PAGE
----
Measurement Uncertainty Vs Total Error
Measurement Uncertainty Vs Total Error
In a recent article, Error Methods Are More Practical, But Uncertainty Methods May Still Be Preferred, James Westgard comments on the latest developments in the debate on the use of analytical total error (TE) and measurement uncertainty (MU), a debate which has been regularly revisited for the last twenty years. This blog aims to briefly explore the benefits of MU and TE and attempt to draw a conclusion on which is most beneficial in the clinical laboratory.
Many things can undermine a measurement. Measurements are never made under perfect conditions and in a laboratory, errors and uncertainties can come from (Good Practice Guide No. 11, 2012):
- The measuring instrument – instruments can suffer from errors including bias, changes due to ageing, wear, poor readability, and noise.
- The item being measured – the sample may be unstable.
- The measurement process – the analyte may be difficult to measure
- ‘Imported’ uncertainties – calibration of the instrument.
- User error – skill and judgement of the operator can affect the accuracy of a measurement.
- Sampling issues – the measurements you make must be properly representative of the process you are trying to assess. I.e. not using fully commutable controls will mean your quality control process is not reflective of a true patient sample.
Random and systematic errors
The effects that give rise to uncertainty in a measurement can be either random or systematic, below are some examples of these in a laboratory.
- Random – bubbles in reagent, temperature fluctuation, poor operator technique.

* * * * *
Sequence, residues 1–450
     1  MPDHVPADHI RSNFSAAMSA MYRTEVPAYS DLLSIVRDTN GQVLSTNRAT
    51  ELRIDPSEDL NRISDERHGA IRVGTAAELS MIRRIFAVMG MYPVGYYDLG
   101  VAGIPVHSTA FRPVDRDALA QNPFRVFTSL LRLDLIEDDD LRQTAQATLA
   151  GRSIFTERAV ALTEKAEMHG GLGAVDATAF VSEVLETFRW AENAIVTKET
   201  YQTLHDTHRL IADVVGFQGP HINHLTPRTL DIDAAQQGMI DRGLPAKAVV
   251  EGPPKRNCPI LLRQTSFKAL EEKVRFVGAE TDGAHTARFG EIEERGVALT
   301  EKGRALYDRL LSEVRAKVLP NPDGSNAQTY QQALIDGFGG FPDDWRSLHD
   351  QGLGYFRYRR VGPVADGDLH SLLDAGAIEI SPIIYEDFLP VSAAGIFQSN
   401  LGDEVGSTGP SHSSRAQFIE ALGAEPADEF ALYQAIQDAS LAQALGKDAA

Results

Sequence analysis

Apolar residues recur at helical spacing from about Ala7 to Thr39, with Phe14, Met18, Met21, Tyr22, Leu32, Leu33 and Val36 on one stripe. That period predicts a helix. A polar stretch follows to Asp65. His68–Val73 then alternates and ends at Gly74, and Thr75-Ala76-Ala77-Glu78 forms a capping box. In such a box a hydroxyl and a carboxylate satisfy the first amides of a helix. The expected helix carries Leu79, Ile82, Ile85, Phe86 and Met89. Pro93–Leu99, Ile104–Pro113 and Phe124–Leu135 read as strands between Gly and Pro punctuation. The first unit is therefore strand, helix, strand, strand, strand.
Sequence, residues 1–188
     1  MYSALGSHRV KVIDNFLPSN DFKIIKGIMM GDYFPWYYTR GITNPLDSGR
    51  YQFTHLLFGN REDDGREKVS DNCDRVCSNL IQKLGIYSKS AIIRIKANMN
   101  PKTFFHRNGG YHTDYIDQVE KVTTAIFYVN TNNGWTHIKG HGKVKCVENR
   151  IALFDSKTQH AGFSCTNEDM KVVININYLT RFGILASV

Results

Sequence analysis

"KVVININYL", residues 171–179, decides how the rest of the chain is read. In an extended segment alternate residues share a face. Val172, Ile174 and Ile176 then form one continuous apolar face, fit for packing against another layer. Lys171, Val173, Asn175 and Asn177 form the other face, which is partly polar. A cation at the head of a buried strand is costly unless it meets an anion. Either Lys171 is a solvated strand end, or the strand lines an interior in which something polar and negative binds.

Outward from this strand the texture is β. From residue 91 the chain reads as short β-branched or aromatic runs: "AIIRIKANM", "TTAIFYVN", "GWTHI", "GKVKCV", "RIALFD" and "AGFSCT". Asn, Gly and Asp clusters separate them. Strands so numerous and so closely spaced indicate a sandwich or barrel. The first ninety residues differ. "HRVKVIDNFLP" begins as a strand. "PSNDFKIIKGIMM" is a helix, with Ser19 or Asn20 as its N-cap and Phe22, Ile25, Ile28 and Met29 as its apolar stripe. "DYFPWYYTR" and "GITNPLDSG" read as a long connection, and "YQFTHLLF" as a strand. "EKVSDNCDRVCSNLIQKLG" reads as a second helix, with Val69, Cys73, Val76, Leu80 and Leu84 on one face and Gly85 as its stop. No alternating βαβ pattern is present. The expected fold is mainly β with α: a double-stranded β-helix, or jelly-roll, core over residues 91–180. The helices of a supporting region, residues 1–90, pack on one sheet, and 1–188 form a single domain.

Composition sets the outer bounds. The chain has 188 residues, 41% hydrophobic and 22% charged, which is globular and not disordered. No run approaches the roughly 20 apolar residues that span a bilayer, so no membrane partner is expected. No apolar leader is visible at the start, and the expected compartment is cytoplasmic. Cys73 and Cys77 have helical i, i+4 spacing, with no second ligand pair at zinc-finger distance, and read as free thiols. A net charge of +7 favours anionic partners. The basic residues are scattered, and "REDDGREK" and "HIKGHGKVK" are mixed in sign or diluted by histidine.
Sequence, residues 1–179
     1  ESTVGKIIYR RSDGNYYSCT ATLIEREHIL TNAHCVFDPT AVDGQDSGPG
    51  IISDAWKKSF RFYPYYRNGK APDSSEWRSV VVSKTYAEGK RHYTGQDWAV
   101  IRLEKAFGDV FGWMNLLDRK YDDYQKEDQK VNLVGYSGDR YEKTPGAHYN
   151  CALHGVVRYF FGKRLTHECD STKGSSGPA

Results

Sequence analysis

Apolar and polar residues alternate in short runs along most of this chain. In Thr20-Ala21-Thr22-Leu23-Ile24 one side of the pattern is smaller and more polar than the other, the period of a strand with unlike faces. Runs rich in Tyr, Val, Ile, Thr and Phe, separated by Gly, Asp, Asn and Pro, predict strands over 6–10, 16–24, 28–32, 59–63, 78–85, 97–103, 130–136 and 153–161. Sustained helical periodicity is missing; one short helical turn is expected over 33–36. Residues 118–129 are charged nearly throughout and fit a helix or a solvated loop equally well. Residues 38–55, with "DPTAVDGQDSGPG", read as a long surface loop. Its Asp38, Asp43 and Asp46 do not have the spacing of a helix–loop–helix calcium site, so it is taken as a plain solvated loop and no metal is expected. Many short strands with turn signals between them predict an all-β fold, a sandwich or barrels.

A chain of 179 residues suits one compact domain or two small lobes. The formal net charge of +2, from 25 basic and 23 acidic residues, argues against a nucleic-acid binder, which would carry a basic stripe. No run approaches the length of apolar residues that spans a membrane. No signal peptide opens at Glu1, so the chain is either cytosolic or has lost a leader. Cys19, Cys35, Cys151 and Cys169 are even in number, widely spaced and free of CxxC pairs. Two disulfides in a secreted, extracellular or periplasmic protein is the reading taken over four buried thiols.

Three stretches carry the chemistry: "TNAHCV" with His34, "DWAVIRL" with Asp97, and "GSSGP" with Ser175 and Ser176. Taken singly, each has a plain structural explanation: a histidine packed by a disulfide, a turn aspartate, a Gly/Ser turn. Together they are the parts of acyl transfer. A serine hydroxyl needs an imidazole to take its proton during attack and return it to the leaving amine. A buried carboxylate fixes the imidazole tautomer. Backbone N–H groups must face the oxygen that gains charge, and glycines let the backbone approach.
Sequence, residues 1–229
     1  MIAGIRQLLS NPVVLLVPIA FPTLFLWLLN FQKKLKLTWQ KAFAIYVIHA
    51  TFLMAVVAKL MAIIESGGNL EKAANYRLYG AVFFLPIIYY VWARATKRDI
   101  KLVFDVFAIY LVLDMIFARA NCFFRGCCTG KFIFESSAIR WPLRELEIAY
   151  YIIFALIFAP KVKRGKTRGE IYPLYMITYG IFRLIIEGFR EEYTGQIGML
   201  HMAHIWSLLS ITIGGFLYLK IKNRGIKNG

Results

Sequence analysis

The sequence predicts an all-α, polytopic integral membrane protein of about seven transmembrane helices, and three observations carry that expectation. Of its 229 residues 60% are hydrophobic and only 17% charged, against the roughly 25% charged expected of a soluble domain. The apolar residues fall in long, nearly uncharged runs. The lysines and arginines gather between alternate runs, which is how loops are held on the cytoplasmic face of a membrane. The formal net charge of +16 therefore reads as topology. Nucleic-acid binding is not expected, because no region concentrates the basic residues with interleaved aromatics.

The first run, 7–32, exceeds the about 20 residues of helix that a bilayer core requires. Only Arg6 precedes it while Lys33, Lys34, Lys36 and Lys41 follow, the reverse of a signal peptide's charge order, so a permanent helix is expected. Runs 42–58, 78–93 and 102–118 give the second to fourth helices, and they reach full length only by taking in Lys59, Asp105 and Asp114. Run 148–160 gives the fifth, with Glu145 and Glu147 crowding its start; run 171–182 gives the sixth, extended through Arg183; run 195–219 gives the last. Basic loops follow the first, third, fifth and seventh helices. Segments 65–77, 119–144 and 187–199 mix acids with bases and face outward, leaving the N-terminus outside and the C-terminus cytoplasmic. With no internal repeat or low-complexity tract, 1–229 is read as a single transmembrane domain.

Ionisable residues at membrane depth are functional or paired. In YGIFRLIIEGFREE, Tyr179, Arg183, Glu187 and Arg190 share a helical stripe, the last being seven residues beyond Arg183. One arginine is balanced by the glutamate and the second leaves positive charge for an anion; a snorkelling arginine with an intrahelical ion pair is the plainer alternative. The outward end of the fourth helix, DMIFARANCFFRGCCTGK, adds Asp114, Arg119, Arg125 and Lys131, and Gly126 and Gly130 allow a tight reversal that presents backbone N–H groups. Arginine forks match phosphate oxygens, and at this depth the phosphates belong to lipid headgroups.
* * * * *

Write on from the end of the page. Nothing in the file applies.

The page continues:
- Systematic – sample handling, reagent change, instrument calibration (bias), inappropriate method.
Total Error (TE) or Total Analytical Error (TAE) represents the overall error in a test result that is attributed to imprecision (%CV) and inaccuracy (%Bias), it is the combination of both random and systematic errors. The concept of error assumes that the difference between the measured result and the ‘true value’, or reference quantity value, can be calculated (Oosterhuis et al., 2017).
TE is calculated using the below formula:
TE = %BIAS + (1.96 * %CV)
Measurement Uncertainty is the margin of uncertainty, or doubt, that exists about the result of any measurement.
There is always margin of doubt associated with any measurement as well as the confidence in that doubt, which states how sure we are that the ‘true value’ is within that margin. Both the significance, or interval, and the confidence level are needed to quantify an uncertainty.
For example, a piece of string may measure 20 cm plus or minus 1 cm with a 95% confidence level, so we are 95% sure that the piece of string is between 19 cm and 21 cm in length (Good Practice Guide No. 11, 2012).
Standards such as ISO 15189 require that laboratories must determine uncertainty for each test. Measurement Uncertainty is specifically mentioned in section 18.104.22.168: